One of the new features introduced in Android Lollipop is an android.media.projection API that allows apps to capture the device's screen. Unlike KitKat 4.4, where you could achieve this through ADB and a USB cable (or on your phone directly with some root privileges), this new API works out of the box and opens the screen recording feature to non-root devices.
When we first reported on this option, only a couple of apps had made use of it. Now, one of the most established screen recorders has joined them — SCR Screen Recorder's developer released an Android 5.0+ version of his app that doesn't require root. Read More
Android TV, and by association Nexus Player, are the evolution of Chromecast. It essentially eliminates the need to use a middleman device like a phone or tablet if the user chooses, and allows them to interface directly with the device and TV in many cases. While it still retains all the functionality of Chromecast, a dedicated box allows for a much more robust and feature-rich system, as well as more room for future enhancements. Read More
On a scale of one to ten, I avoided Flappy Bird like the plague. I didn't play it. I didn't write about it. I didn't look at it in the Play Store. I wanted nothing to do with it and its evil ways. If you just can't get enough of that silly crap, however, there's an Easter Egg in Lollipop that you're just going to love: a Flappy Bird clone with huge lollipops and the bugdroid. Read More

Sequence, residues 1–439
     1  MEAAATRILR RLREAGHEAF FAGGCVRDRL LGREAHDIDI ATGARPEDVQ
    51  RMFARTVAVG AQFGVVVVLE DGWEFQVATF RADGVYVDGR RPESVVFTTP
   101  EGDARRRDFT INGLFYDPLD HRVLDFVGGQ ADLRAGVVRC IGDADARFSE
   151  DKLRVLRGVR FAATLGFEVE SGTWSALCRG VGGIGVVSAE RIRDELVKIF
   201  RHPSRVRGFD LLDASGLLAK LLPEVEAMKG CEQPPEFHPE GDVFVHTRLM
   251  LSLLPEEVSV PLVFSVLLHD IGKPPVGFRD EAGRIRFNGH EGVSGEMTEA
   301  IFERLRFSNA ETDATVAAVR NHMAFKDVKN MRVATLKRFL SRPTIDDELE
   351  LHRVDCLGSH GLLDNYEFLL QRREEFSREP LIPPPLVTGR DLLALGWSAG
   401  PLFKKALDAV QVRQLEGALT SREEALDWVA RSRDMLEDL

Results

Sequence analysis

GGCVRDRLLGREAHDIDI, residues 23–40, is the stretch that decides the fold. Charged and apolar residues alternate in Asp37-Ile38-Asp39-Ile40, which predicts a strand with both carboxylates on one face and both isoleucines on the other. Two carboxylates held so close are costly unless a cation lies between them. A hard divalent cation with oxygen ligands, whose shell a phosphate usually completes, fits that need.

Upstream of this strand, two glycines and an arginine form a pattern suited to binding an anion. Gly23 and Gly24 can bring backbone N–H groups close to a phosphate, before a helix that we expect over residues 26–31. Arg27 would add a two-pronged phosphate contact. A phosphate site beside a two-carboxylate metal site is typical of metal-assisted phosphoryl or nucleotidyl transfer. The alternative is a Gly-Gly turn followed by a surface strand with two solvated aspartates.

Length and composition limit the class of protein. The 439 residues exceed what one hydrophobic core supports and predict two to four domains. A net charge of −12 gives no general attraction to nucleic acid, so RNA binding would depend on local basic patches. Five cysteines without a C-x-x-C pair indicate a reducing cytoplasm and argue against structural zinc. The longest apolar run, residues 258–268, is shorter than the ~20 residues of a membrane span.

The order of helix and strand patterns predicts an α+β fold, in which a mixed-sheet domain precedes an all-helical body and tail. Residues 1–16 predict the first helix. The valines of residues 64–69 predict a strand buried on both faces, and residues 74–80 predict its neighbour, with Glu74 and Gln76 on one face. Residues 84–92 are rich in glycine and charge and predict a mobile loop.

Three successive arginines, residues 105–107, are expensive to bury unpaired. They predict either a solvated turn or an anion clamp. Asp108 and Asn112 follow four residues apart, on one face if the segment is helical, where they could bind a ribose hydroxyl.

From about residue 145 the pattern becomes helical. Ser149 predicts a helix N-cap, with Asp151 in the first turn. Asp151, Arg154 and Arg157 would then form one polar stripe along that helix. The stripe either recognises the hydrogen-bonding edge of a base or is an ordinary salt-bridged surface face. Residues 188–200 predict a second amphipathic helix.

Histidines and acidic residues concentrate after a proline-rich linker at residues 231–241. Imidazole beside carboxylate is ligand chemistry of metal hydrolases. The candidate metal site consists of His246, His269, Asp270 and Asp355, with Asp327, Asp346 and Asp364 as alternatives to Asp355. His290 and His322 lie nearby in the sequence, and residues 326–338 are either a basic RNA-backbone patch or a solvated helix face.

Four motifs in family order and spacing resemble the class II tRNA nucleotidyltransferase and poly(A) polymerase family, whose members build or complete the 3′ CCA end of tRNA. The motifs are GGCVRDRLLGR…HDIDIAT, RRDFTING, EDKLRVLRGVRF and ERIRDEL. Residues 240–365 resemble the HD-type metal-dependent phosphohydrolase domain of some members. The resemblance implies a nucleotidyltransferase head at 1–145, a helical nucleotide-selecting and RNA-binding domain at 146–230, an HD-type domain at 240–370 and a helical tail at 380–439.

Lollipop goes after the operating system's janky app restoration process in a big way. Android 5.0 lets users transfer data from one device to another just by tapping the two together using Near Field Communication. But if you don't have a gadget with NFC or can't be bothered with that approach, the setup process also lets you pull down apps from devices that have been backed up to your account. You can even select specific apps to download, so you don't need to bring down all of the junk from your other device. Read More
Use two-factor authentication? If not, you should, because it's more secure than if you don't use it. If you already use it, then you probably remember a time when the Android setup process was obnoxious because you not only had to put in your password twice, but also had to deal with an annoying web prompt to enter the passcode. It's a hard knock life.
Google fixed the first issue a while back when it removed the second password prompt, which made us all happy. Read More
Since the dawn of time (or thereabouts), setting up a new Android device has been a real pain. Most users have their devices set up exactly how they want them, from installed apps to homescreens and everything in between. So when it's time to fire up that shiny new device and start using it (or after performing a factory reset), the next 4-6 hours of life are taken up by the tedious process that is getting everything back together. Read More
When a new version of Android is announced, one of the first questions on everyone's mind is "when will my device be getting updated?" Fortunately, Motorola has moved towards complete transparency and providing timely updates over the past couple of years, and with the announcement of Lollipop it is giving details on what Moto owners can expect in the coming weeks.
Once Android 5.0 L is officially released, we intend to bring this latest upgrade to many of our other Motorola devices, as well.
It's Nexus day. The Nexus 6 and 9 are real, and we have the details. Nexus Player is Google's new Android TV box. Lollipop is the new version of Android. With so much stuff to take in all at once, we figured it a good idea to collect all the videos from today and post them in one, easy-to-find place. This post is that place. Have fun. Read More